Journal article

Brake MRW, Schwingshackl CW, Reuß P, 2019, Observations of variability and repeatability in jointed structures, Mechanical Systems and Signal Processing, Vol: 129, Pages: 282-307, ISSN: 0888-3270

© 2019 Elsevier Ltd The experimental study of joint mechanics has been limited in its effectiveness due to the high uncertainty associated with assemblies of sub-components. In particular, two categories of uncertainty are variability (the uncertainty in measurements of different, nominally identical parts) and repeatability (the uncertainty in measurements of the same set of parts). As a result, the uncertainty measured is often greater than the nonlinear characteristics being studied (such as amplitude dependent frequency and damping), which makes meaningful experimentation challenging. This paper analyzes the contributors to uncertainty in the form of variability and repeatability in order to make recommendations for methods to reduce the uncertainty and to redesign a joint to improve its dynamics. Experiments are summarized that investigate the role of experimental setup, interface roughness, settling versus wear, interface geometry (both meso-scale and macro-scale), and the structure surrounding the joint. From the results of these studies, recommendations for the measurement of nonlinearities in jointed structures are made.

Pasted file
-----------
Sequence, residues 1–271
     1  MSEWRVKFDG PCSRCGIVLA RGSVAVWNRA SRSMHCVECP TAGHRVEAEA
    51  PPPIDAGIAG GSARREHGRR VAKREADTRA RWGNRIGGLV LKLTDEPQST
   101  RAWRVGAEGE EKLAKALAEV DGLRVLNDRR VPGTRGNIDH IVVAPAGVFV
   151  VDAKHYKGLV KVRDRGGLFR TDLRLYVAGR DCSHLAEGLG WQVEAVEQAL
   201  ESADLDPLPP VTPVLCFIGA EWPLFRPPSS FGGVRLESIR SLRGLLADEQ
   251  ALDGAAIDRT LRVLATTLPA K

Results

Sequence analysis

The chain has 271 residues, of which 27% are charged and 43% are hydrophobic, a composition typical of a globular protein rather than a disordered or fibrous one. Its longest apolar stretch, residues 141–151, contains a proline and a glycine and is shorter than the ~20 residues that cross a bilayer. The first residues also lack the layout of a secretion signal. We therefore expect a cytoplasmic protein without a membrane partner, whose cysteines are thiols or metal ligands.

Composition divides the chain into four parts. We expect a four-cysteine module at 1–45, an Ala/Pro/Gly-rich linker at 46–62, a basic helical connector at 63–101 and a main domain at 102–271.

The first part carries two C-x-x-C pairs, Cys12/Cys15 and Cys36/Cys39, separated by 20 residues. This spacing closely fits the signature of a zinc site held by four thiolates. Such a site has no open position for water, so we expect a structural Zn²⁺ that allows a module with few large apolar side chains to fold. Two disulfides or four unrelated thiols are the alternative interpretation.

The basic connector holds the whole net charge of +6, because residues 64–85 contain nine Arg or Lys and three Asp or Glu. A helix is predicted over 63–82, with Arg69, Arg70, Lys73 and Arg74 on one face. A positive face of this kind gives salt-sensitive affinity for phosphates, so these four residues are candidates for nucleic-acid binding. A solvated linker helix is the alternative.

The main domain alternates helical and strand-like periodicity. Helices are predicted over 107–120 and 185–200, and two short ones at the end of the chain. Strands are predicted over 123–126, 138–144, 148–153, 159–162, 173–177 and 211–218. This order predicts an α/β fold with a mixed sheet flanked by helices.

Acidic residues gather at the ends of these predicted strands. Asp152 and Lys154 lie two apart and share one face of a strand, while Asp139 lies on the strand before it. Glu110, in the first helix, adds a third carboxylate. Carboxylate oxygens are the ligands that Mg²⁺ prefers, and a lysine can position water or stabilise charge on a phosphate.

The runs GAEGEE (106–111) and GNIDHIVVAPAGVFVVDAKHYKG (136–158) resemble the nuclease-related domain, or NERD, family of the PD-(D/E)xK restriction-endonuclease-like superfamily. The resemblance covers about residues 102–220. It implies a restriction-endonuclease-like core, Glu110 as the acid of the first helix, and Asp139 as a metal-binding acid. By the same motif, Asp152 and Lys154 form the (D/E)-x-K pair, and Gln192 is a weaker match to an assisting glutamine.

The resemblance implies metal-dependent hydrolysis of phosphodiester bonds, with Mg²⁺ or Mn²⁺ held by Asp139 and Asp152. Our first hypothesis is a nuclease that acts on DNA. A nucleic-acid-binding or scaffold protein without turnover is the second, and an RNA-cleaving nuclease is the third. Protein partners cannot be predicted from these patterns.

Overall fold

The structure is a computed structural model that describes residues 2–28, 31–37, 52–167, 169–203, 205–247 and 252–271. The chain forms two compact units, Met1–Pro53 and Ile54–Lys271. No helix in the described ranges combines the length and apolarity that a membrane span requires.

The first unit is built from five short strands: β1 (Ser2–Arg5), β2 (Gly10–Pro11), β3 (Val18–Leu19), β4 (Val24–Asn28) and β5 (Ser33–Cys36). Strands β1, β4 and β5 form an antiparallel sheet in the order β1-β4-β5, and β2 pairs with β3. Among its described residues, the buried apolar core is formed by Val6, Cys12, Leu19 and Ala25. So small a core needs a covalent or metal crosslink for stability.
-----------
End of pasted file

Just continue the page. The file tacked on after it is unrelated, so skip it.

Journal article

Tatar A, Schwingshackl CW, Friswell MI, 2019, Dynamic behaviour of three-dimensional planetary geared rotor systems, Mechanism and Machine Theory, Vol: 134, Pages: 39-56, ISSN: 0094-114X

© 2018 Elsevier Ltd A six degrees of freedom dynamic model of a planetary geared rotor system with equally spaced planets is developed by considering gyroscopic effects. The dynamic model is created using a lumped parameter model of the planetary gearbox and a finite element model of the rotating shafts using Timoshenko beams. The gears and carrier in the planetary gearbox are assumed to be rigid, and the gear teeth contacts and bearing elements are assumed to be flexible. The modal analysis results show that torsional and axial vibrations on the shafts are coupled in the helical gearing configuration due to the gear helix angle whereas these vibrations become uncoupled for spur gearing. Mainly, the vibration modes are classified as coupled torsional-axial, lateral and gearbox for the helical gear configuration, and torsional, axial, lateral and gearbox for the spur gear configuration. Modal energy analysis is used to quantify the coupling level between the shafts and the planetary gearbox, highlighting the impact of the gearbox on certain mode families. Gyroscopic effects of the planetary gearbox are found to be of great importance in the gearbox dominated modes.